OKLAHOMA U.S. SENATOR B. Yet another one-time member of Donald Trump’s cabinet is reportedly considering a bid for public office this year: Former EPA chief Scott Pruitt has been “making calls to gauge support” for a potential campaign for the soon-to-be-vacant Senate seat held by Republican Jim Inhofe, according to CBS News. Pruitt was twice elected state attorney general, in 2010 and again in 2014, before joining the Trump administration in 2017.
Like any Republican who might ascend to the post these days, Pruitt was directly at odds with the ostensible aims of the Environmental Protection Agency: He not only denied climate change but suggested humanity might “flourish” as a result. And at every step, he sought to roll back environmental regulations, though he wasn’t particularly successful.
He also engaged in a never-ending series of ethics abuses, including spending $43,000 to build a special soundproof phone booth in violation of the law and flying first class on the taxpayer dime for “unspecified security concerns,” per the Washington Post. Pruitt finally got the boot after CNN reported that he’d asked Trump to fire Jeff Sessions and install Pruitt as attorney general instead—an idea Trump had reportedly considered but was pissed to see become public.
Yet despite his unceremonious exit (announced by tweet, of course), Pruitt apparently still has a good relationship with Trump, who has yet to take sides in the already crowded GOP primary.
IOWA U.S. SENATOR. Candidate filing closed Friday for Iowa’s June 7 primaries, and the state has a list of contenders here. The Hawkeye State has an unusual law that requires party conventions to select nominees in races where no candidate receives over 35% of the vote in the primary, but that provision is unlikely to come into play this year in any of the contests we’ll be watching.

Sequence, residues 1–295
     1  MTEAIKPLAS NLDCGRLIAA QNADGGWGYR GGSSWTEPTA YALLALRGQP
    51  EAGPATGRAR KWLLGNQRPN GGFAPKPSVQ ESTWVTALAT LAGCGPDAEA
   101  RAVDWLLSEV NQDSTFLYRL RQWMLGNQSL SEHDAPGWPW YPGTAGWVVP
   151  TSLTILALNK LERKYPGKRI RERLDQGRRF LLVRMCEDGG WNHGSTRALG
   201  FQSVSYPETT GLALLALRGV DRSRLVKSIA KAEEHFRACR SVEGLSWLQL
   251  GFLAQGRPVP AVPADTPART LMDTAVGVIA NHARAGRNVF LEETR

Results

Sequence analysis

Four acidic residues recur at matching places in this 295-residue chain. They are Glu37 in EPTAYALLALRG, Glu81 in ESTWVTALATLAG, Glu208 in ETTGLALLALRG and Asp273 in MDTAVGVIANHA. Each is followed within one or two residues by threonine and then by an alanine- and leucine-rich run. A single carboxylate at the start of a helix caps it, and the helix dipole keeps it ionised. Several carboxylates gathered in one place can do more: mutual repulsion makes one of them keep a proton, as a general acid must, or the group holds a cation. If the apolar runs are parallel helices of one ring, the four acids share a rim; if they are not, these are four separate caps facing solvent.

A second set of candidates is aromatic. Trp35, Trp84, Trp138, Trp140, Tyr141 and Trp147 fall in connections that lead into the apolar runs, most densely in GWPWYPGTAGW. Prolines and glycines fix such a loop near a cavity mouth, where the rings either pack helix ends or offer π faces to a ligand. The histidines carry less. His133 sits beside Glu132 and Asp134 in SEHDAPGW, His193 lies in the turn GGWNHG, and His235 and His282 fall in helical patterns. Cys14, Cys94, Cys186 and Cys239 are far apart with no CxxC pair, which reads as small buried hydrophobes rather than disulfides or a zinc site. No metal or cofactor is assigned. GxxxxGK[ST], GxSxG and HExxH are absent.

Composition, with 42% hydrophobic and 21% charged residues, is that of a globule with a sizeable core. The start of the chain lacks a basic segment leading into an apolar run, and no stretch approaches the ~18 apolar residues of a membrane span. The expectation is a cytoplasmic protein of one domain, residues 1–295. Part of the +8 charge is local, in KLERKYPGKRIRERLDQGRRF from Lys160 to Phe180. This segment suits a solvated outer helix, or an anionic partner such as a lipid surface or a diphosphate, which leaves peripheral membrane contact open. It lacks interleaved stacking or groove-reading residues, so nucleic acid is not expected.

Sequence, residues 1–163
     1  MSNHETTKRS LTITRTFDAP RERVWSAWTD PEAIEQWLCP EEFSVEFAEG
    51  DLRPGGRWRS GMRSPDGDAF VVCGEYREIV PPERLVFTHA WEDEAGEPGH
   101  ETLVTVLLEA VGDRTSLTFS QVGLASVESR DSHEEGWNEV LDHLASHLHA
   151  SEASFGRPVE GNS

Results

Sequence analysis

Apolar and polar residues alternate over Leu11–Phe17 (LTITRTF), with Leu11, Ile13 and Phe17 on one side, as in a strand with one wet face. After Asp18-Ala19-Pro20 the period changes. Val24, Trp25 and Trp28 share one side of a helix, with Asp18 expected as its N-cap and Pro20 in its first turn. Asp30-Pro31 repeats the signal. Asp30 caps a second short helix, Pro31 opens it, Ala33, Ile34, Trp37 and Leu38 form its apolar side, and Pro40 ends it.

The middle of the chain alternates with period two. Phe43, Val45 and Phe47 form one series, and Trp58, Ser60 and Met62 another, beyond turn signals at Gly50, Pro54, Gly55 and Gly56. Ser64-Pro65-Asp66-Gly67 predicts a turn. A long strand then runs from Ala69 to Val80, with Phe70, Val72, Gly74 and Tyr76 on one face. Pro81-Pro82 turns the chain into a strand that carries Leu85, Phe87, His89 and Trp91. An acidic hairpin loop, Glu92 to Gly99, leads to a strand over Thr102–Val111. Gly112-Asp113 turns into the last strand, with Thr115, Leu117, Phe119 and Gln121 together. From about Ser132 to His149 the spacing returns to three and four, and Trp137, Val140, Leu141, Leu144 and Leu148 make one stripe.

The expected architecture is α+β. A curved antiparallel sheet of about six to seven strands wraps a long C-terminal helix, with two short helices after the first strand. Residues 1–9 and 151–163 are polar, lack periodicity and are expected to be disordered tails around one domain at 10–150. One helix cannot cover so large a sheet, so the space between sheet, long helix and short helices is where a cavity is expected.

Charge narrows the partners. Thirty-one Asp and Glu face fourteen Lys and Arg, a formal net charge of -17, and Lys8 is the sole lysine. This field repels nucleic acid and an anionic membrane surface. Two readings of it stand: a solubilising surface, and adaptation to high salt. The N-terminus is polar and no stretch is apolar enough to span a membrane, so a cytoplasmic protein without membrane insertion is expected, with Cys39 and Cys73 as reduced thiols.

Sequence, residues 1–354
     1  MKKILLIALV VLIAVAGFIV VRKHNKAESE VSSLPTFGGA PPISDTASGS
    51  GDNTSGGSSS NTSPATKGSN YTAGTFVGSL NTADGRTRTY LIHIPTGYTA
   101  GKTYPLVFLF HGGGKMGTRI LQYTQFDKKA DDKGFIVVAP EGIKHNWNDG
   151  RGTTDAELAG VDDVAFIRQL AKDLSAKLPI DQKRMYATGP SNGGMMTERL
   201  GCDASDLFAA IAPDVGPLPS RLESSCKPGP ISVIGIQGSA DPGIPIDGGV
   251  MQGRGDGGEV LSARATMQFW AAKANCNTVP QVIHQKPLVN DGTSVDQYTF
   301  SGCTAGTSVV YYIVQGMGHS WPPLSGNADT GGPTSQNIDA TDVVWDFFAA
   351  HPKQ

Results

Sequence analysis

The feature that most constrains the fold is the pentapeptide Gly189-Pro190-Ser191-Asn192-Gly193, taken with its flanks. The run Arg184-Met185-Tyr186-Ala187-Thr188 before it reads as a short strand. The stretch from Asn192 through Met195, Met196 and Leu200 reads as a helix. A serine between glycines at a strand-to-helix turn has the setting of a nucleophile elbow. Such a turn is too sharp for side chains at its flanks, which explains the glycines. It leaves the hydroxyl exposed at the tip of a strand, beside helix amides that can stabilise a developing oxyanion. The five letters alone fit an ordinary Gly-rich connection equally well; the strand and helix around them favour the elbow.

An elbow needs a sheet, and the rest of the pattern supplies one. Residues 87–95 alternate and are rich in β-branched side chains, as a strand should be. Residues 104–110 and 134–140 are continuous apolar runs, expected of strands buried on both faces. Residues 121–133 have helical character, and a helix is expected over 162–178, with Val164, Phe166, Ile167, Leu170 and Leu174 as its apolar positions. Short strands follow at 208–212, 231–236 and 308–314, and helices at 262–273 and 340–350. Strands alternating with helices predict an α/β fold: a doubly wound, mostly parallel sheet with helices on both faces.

Republican Sen. Chuck Grassley, who is one of the two longest-serving members of Congress following the death of Alaska Rep. Don Young (Grassley is tied with Vermont Sen. Patrick Leahy, who is retiring), is seeking an eighth term in a state that swung hard to the right during the Trump era. The incumbent’s only primary foe is state Sen. Jim Carlin, a pro-Trump die-hard who has baselessly claimed the 2020 election was stolen and spouted antisemitic conspiracy theories blaming wealthy Jews like Mark Zuckerberg and George Soros for the outcome. Trump himself, though, is supporting Grassley over Carlin, who barely raised any money in 2021.
The frontrunner on the Democratic side looks like former Rep. Abby Finkenauer, who lost a tight battle for a second term last cycle in northeast Iowa. Also in the running are retired Vice Admiral Mike Franken, who lost the 2020 primary for the state’s other Senate seat, and Minden City Councilman Glenn Hurst.
NEVADA U.S. SENATOR. Democratic Sen. Catherine Cortez Masto will be a top GOP target in a state that both Hillary Clinton and Joe Biden narrowly won, and eight Republicans have filed to go up against her.